Across the street from the pastie shop is House of Doggs. Owner Nick McAllister has two loves: music and hot dogs. He combined these by adorning his walls with his musical collection and then set out to serve the finest natural casing hot dog. The result has been a thriving success and he has been rated the #1 Dog in town for 3 years.
Voted the Best Ice Cream Shop in America by the viewers of Good Morning America, Moomers Ice Cream is located just outside of town and worth the drive. Started by a first grade teacher, this family business now serves more than 120 flavors and has lines queuing up in the summertime for their cold, creamy concoctions. My favorite was the Cherries Moobilee, made with black cherry ice cream, chocolate fudge, cherries, and bits of chocolate brownie — not the most calorie-conscious I admit, but then again, I am a professional…
One of the more notable historical buildings in Traverse City is the Grand Traverse Commons, previously known as the Northern Michigan Asylum. This sprawling complex is unique in its spacious design, Victorian architecture, and bright colors as well as the humane way they treated their former occupants, many of whom worked in the facility.
Today, the space is being reclaimed and transformed into trendy shops, galleries, boutiques, apartments, and restaurants. A stroll through their subterranean mercato is a must, and while there, you should also see how they have put to good use some of the other buildings on campus. For instance, The Pleasanton Brick Oven Bakery starts with a natural leavening process and Michigan-grown organic grains fired in a brick oven to make mouth-watering baked sensations that will spoil you for any other type of bread.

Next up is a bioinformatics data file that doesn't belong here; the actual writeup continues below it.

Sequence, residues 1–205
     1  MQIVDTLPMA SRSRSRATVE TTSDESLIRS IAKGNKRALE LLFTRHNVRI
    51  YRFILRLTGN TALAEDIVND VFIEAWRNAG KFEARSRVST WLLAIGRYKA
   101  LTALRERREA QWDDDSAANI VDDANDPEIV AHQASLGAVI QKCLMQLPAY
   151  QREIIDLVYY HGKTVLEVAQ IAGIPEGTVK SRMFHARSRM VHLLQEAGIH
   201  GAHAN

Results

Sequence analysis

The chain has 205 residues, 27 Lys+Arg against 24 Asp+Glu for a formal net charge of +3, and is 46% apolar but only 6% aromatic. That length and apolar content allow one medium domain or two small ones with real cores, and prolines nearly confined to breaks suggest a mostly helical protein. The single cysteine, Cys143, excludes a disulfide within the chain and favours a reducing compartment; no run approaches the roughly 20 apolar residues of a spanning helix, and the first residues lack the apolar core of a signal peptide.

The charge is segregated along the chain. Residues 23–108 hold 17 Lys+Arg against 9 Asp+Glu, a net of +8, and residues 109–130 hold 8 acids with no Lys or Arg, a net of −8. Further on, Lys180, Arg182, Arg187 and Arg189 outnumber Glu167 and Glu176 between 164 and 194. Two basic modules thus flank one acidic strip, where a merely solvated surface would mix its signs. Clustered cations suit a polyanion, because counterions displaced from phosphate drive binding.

Since my diet was put on hold for this trip, I figured one more amazing meal wouldn’t hurt and went all-out at the Grand Traverse Resort and Spa on East Traverse Bay. This is one of the finest full-service resorts in the Midwest with nearly 600 rooms, suites, and condominiums. Located on the 16th floor is the Aerie Restaurant & Lounge. Serving regional American cuisine with their own version of Northern Michigan flair, the large glass windows offer spectacular panoramic views of the bay and rolling countryside. The service here is impeccable, as is the extensive wine list and seasonal menu selections. I had a filet mignon that was juicy, seasoned to perfection, and fork tender.
As we watched the sun set over the bay and the sky turn pinkish-orange, we realized that we had just scratched the culinary surface of Traverse City. Venturing into the county and outlying areas also offers delicious delights, including a burgeoning wine tasting industry that is only now just being discovered. Located just a short 45-minute plane flight from Chicago-O’Hare, Traverse City is easy to get to but hard to leave once you learn why locals were happy to keep their town a well-kept secret.